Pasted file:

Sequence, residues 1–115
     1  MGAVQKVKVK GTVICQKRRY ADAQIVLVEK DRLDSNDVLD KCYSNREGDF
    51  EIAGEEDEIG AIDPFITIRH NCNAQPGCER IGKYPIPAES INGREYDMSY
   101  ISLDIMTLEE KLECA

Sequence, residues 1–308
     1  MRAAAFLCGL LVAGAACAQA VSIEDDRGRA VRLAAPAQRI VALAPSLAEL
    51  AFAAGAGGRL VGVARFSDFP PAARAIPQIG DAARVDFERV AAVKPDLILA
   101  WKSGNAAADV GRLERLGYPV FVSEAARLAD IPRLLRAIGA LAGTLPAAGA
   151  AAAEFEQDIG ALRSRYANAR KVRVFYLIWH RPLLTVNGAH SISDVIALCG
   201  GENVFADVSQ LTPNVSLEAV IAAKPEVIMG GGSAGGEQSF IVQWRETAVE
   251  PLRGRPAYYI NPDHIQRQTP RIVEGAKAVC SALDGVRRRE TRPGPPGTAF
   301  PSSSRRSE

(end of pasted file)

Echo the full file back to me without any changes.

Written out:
Sequence, residues 1–115
     1  MGAVQKVKVK GTVICQKRRY ADAQIVLVEK DRLDSNDVLD KCYSNREGDF
    51  EIAGEEDEIG AIDPFITIRH NCNAQPGCER IGKYPIPAES INGREYDMSY
   101  ISLDIMTLEE KLECA

Sequence, residues 1–308
     1  MRAAAFLCGL LVAGAACAQA VSIEDDRGRA VRLAAPAQRI VALAPSLAEL
    51  AFAAGAGGRL VGVARFSDFP PAARAIPQIG DAARVDFERV AAVKPDLILA
   101  WKSGNAAADV GRLERLGYPV FVSEAARLAD IPRLLRAIGA LAGTLPAAGA
   151  AAAEFEQDIG ALRSRYANAR KVRVFYLIWH RPLLTVNGAH SISDVIALCG
   201  GENVFADVSQ LTPNVSLEAV IAAKPEVIMG GGSAGGEQSF IVQWRETAVE
   251  PLRGRPAYYI NPDHIQRQTP RIVEGAKAVC SALDGVRRRE TRPGPPGTAF
   301  PSSSRRSE